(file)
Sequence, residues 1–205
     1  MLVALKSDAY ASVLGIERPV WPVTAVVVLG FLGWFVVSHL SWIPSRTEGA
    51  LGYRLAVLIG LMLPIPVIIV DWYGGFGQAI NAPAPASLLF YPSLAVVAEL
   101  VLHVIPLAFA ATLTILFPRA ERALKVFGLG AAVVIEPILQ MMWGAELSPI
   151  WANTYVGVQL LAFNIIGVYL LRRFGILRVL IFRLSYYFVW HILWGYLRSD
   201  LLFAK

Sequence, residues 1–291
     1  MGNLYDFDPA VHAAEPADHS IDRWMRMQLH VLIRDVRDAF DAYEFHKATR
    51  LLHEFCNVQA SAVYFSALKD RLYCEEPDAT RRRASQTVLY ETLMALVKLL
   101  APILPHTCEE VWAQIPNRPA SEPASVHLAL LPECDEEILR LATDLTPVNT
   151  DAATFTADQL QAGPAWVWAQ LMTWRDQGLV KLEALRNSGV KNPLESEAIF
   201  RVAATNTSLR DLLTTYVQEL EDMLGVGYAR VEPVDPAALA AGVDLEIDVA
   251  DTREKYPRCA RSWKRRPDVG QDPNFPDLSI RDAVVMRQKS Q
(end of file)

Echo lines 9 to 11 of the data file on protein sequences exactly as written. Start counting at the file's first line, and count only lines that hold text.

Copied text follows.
    51  LLHEFCNVQA SAVYFSALKD RLYCEEPDAT RRRASQTVLY ETLMALVKLL
   101  APILPHTCEE VWAQIPNRPA SEPASVHLAL LPECDEEILR LATDLTPVNT
   151  DAATFTADQL QAGPAWVWAQ LMTWRDQGLV KLEALRNSGV KNPLESEAIF